Now you can identify some differences within each cluster and make meaningful recommendations. In Cluster 1, Marc read 10 open source blog articles, and Elise read none; Elise read one agile blog, and Marc read none. In Figure 1, then, one recommendation for Elise is the open source blog. No recommendations can be made for Marc because the small difference between him and Elise in agile blog reads would likely be filtered away. In Cluster 2, Jill read three open source blogs, and Elise read none; Elise read 11 Linux blogs, and Jill read none. Cluster 2, then, carries a pair of recommendations: the Linux blog for Jill and the open source blog for Megan.

Another way to view these relationships is based on their similarities and differences, as illustrated in the Venn diagram in Figure 2. The similarities define (based on the particular algorithm used) how to group users who have similar interests. The differences are opportunities that can be used for recommendation — applied through a filter of popularity, for example.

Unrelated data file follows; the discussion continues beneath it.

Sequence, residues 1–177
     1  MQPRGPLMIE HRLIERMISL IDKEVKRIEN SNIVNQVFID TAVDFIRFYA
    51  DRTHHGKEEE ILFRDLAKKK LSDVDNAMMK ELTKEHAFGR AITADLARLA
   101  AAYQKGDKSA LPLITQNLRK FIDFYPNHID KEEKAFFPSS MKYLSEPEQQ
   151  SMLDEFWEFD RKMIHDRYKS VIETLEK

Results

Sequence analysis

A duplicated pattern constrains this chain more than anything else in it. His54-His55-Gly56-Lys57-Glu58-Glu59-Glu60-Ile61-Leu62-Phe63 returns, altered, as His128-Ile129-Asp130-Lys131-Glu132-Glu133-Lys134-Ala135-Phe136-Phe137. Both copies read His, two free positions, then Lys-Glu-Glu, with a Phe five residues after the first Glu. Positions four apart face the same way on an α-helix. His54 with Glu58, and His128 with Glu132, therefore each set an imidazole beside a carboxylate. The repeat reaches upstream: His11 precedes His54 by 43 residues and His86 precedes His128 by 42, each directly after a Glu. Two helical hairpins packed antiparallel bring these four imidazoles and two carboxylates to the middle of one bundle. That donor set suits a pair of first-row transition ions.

Figure 2. Similarities and differences used in collaborative filtering
Image shows similarities and differences used in collaborative filtering

Although Figure 2 is a simplification (and suffers from a sparseness of data by using only two samples), it's a convenient representation.

Content-based filtering

Content-based filtering constructs a recommendation on the basis of a user's behavior. For example, this approach might use historical browsing information, such as which blogs the user reads and the characteristics of those blogs. If a user commonly reads articles about Linux or is likely to leave comments on blogs about software engineering, content-based filtering can use this history to identify and recommend similar content (articles on Linux or other blogs about software engineering). This content can be manually defined or automatically extracted based on other similarity methods.